On Halloween, a volcanic “devil comet” hurtling toward Earth erupted again, forcing it to regenerate its distinctive “horns.” The recent outburst, the second in a month and the third since July serves as a reminder that the comet is growing more volcanically active as it moves closer to the center of the solar system.
The comet is a cryovolcanic, or cold volcano, comet designated 12P/Pons-Brooks (12P). 12P, like other comets, has a solid nucleus — a hard, frozen shell filled with ice, gas, and dust — surrounded by a fuzzy cloud, or coma, composed of components that seep out of the comet’s interiors.
However, unlike non-volcanic comets, solar radiation can superheat 12P’s innards, causing pressure to build up until it splits the nucleus’ shell from the inside and shoots its ice guts into space. As a result of these outbursts, the comet’s coma expands and brightens, reflecting more sunlight toward Earth.
When the comet bursts, its coma shapes into the distinctive devil “horns.” These happen because 12P’s enormous nucleus, which is around 10.5 miles (17 kilometers) across, has an odd “notch” on its surface that prevents cryomagma from escaping into space and causes its extended coma to grow in an uneven form.
Astronomers witnessed 12P blow its top for the first time in 69 years on July 20 as its misshaped coma grew to be more than 7,000 times wider than its nucleus. The comet then erupted again, this time with significantly more force, on Oct. 5.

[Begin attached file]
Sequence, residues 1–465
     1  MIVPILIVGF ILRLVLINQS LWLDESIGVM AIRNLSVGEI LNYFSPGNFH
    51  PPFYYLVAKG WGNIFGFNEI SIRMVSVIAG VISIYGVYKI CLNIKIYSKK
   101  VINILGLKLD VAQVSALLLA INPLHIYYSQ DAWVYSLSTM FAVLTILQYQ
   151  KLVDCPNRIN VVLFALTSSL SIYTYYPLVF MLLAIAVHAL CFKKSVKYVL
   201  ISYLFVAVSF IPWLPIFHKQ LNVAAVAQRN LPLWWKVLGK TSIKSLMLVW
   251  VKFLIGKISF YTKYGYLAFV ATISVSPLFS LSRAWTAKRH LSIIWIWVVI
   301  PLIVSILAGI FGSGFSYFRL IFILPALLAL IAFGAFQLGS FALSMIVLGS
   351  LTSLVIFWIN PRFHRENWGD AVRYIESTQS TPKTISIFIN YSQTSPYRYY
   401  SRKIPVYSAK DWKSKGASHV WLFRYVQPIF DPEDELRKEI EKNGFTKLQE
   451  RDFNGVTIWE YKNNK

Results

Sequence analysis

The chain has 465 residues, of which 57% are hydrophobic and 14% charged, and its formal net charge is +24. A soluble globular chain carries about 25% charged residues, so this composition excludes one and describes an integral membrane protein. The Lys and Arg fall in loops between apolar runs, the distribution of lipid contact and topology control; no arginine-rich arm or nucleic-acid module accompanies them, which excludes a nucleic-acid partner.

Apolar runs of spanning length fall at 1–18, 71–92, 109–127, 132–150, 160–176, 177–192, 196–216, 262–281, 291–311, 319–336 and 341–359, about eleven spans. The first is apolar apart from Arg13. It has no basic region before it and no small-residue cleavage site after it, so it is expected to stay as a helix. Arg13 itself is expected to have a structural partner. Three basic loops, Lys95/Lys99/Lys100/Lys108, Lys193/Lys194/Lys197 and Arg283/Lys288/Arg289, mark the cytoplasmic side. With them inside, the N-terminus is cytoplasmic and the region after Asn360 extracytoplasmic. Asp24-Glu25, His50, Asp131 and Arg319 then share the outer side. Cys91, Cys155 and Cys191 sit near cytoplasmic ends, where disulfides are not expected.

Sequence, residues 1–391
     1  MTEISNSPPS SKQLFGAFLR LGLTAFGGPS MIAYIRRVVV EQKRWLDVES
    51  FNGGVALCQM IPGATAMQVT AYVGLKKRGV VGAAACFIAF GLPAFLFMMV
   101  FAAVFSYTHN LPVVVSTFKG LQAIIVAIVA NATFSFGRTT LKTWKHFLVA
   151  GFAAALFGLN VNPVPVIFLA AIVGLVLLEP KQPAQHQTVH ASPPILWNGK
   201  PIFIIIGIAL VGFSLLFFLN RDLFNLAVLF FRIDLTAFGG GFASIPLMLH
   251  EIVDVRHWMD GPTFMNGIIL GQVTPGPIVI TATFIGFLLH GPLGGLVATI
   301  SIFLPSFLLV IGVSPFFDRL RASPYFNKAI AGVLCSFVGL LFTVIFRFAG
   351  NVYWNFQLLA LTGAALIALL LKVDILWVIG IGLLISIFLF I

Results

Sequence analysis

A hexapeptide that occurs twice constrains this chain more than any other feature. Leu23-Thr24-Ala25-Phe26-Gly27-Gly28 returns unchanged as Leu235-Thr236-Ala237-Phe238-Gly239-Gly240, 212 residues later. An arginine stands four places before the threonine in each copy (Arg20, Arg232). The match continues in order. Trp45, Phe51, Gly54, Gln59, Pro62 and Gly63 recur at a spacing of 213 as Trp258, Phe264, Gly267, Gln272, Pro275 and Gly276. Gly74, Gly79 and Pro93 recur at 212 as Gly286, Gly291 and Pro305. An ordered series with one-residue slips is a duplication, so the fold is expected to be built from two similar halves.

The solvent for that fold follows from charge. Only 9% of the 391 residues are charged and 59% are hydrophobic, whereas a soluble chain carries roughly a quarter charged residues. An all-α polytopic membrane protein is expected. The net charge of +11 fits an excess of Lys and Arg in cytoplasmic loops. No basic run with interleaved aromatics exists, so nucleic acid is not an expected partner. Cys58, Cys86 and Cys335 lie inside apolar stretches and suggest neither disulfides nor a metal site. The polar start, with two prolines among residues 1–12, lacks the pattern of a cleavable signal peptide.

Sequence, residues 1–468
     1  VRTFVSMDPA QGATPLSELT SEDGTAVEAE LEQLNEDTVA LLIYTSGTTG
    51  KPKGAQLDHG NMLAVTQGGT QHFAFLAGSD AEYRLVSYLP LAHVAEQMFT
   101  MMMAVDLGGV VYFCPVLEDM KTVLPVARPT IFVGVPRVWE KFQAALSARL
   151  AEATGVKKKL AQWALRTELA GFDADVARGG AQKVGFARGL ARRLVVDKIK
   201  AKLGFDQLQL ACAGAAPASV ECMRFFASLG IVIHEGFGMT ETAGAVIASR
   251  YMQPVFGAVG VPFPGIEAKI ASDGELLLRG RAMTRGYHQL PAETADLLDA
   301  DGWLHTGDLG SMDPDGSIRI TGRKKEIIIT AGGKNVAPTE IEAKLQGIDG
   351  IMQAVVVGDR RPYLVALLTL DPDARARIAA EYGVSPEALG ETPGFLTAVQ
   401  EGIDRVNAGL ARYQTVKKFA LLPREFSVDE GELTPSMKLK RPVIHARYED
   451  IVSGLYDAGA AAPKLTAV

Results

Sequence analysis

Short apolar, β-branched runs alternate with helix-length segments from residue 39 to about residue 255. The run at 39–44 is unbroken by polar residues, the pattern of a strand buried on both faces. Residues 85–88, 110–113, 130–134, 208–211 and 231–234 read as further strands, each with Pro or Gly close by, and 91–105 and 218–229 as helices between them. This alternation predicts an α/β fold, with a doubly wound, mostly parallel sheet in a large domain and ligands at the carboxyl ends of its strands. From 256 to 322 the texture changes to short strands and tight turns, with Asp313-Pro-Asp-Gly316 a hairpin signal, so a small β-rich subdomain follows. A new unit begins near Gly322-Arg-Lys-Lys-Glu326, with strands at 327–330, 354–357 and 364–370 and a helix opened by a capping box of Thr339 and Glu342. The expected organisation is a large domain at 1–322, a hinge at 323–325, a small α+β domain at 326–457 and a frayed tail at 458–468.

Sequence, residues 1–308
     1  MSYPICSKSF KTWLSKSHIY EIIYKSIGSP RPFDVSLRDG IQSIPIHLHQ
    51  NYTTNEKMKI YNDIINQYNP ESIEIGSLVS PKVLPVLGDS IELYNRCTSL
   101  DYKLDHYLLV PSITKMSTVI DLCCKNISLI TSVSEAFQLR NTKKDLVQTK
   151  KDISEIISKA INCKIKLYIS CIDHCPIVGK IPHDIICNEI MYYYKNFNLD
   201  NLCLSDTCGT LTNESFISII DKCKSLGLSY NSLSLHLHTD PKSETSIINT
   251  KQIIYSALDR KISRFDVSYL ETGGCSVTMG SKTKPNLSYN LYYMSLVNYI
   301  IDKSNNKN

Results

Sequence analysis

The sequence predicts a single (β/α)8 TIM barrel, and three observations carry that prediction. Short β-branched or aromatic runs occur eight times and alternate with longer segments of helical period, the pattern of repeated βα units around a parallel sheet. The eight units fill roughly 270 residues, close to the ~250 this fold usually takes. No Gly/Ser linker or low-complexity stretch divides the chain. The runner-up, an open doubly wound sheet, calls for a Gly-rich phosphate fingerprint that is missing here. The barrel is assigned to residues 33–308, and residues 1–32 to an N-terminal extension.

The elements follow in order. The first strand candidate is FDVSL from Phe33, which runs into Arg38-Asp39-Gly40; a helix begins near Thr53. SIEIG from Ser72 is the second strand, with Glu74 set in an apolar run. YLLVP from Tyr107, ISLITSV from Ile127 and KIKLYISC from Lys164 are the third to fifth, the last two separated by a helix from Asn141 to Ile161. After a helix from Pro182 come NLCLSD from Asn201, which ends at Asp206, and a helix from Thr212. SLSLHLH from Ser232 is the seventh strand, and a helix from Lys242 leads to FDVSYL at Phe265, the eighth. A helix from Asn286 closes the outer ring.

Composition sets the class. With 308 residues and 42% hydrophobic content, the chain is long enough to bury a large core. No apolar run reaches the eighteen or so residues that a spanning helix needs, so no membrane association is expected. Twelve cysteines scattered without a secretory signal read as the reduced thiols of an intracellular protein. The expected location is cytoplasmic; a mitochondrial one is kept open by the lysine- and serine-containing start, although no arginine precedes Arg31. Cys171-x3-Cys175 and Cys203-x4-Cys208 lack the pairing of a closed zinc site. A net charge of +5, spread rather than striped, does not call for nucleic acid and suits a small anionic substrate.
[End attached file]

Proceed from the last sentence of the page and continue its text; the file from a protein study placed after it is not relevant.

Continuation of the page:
Last week, on Oct. 31, amateur astronomer Eliot Herman noticed another outburst as 12P became about 100 times brighter than usual, according to Spaceweather.com.
“On Halloween, the devil burst forth again with a large outburst that continued into the next day,” Herman explained to Spaceweather.com. Subsequent inspections revealed that its coma had greatly expanded and regrown its horns, though they were not as conspicuous as in earlier eruptions, he added.
Approaching Earth: 12P has an elliptical orbit, which means it is drawn close to the sun before being slingshotted back into the outer solar system, where it drifts slowly before falling back toward the inner solar system. This orbit is extremely similar to that of the green comet Nishimura, which performed a similar slingshot maneuver around the sun in September.
It takes 12P approximately 71 years to complete one full trip around the sun, with the majority of that time spent buried in the outer solar system. As a result, scientists can only see the comet plainly as it approaches the sun, which is currently happening.
According to TheSkyLive.com, 12P will reach its closest point to the sun, or perihelion, on April 24, 2024, at a minimum distance of 72.5 million miles (116.7 million km), which is closer to the sun than Earth but farther away than Venus.
After slingshotting around the sun, the comet will pass by Earth at a distance of 144.1 million miles (231.9 million km) — or roughly 1.5 times further away from Earth than the sun — on its way back out into the outer solar system on June 2 next year. According to TheSkyLive.com, it will stay there until 2094.
Because their comas reflect more sunlight, comets seem brighter in the night sky as they travel closer to the sun. This means that it will most likely be visible to the naked eye as it passes Earth in late May or early June.
As 12P approaches closer to the sun, it may show off its diabolical horns more frequently as it absorbs more solar radiation, which boils its frozen bowels and increases the likelihood of eruptions.